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Making sanitation inclusive: reflections from the 39th WEDC Conference

The theme for this year’s WEDC Conference was Ensuring Availability and Sustainable Management of Water and Sanitation for All. The theme reflects the ambitions at the heart of the Global Goals for Sustainable Development to ensure that no one is left behind in efforts to achieve universal access to WASH by 2030. It’s now a critical time for ensuring that WASH research, programmes, policies and services are designed and delivered in ways that promote Equity and Non-Discrimination.

Public toilets: a viable interim solution? Reflections from the 39th WEDC conference

The WHO/UNICEF joint monitoring programme defines improved sanitation as access to individual household toilets. This ultimate goal advocates for every family to access and maintain their own latrine - providing the dignity, safety and convenience of not having to share. However, in many urban areas issues of land ownership, space and a lack of infrastructure make this an impossible aim. Although CLTS has been very successful in creating the demand for sanitation, we must look further to viable and sustainable solutions in urban settings which can respond to these challenges.

Shifting the perspective: how urban CLTS can contribute to achieving universal access to sanitation

Urban sanitation differs from rural sanitation in many ways however one of the fundamental differences is that in urban areas one group, (usually the wealthy), benefits from the public provision of sanitation at the expense of others  (usually the poor). Poor households in urban areas must often find their own solutions to failures in sanitation services. During a workshop on urban CLTS (U-CLTS) held in Ethiopia and hosted by Plan International, we explored the potential of CLTS to support safely managed, city-wide sanitation.

Reflections on the Addis workshop on using CLTS in urban and peri-urban contexts

I am placing below some reflections after attending the urban CLTS workshop in Addis:

1. My objective in attending was to enhance my knowledge of the understanding and practice of the application of CLTS in urban areas, the issues involved and potential ways to move forward. My objective was more than adequately addressed by the range of experiences that I got to hear about.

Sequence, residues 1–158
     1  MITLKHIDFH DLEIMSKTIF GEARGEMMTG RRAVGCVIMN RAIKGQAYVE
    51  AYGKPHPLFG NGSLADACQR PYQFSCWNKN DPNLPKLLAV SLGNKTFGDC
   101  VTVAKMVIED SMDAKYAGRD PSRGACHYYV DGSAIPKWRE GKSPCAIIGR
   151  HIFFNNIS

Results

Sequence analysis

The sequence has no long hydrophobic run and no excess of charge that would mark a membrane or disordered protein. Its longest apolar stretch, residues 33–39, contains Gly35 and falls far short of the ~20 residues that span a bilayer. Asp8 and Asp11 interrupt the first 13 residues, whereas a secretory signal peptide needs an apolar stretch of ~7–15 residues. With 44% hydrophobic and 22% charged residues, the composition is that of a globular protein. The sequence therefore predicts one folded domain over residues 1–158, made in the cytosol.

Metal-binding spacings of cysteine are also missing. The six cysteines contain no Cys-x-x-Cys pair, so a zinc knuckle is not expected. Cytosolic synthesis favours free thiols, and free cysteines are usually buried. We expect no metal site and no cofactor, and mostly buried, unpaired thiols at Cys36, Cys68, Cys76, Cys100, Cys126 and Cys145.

2. What I have distilled from these three days (both during sessions and conversations at meal times and in coffee sessions) is summarized below under a certain number of headings.

Shit will be fought with shit

Hands of majority of motivators in Fatehgarh Saheb rise to a question – ‘how many of you have taken shit in your hands?’
It is surprising. Hands rise without hesitation, with pride though. One would expect hands rise to holding a sweet in hand, their child in arms, or a precious thing, may be. But shit?
Asked don’t they feel the disgust, they reply in negative. They say that this way, they are able to explain most convincingly the relation between shit, flies and food. A sarpanch (village headman) seconds this – he says people get moved by this the most.

Tracking the construction of latrines in Zambia

Monitoring is always an important part of the development process, especially in CLTS. What are the factors and milestones we discuss when it comes to improving Water, Sanitation and Hygiene? We discuss Open Defecation Free status (ODF). We discuss uptake of handwashing with soap. We also discuss the construction of latrines. All of these factors can be indicators that will point to improved sanitation standards and the potential reduction of diarrheal disease. But how can we monitor and evaluate these indicators in a regular, timely, and accurate way?

Rapid Action Learning Units — Real Time learning and adaptation for Swachh Bharat Mission

On a recent visit to a village in central India, we felt as if we had travelled back in time to the days of the Total Sanitation Campaign (TSC), when toilets were built as a tick-box exercise. Over a hundred concrete stalls with latrine pans had been built in the settlement. We call them concrete stalls instead of toilets:  few were functional as they had faulty designs and connections to pits. Only one was in use… well, technically two —one as an actual toilet and the other as a storehouse for electric material.

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